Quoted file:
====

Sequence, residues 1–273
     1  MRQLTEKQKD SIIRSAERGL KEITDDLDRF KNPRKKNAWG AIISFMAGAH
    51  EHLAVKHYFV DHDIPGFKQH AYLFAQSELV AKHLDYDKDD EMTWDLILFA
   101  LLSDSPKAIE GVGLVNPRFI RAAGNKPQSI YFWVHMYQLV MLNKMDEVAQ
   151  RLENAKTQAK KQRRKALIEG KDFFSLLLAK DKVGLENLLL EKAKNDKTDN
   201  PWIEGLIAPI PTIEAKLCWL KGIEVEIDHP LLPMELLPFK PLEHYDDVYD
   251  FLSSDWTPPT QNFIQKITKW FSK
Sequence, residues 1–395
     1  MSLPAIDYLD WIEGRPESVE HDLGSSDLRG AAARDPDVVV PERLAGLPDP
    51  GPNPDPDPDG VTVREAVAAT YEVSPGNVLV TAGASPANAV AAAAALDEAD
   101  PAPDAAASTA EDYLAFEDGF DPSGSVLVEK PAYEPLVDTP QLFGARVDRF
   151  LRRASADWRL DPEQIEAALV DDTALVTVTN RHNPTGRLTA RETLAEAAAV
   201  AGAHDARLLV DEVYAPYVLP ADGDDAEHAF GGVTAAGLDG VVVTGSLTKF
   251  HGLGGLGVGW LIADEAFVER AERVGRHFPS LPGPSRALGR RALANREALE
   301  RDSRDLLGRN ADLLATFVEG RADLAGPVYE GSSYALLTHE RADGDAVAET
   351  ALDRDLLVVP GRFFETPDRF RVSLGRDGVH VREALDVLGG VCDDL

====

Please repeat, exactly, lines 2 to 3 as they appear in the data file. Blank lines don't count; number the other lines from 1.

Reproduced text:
     1  MRQLTEKQKD SIIRSAERGL KEITDDLDRF KNPRKKNAWG AIISFMAGAH
    51  EHLAVKHYFV DHDIPGFKQH AYLFAQSELV AKHLDYDKDD EMTWDLILFA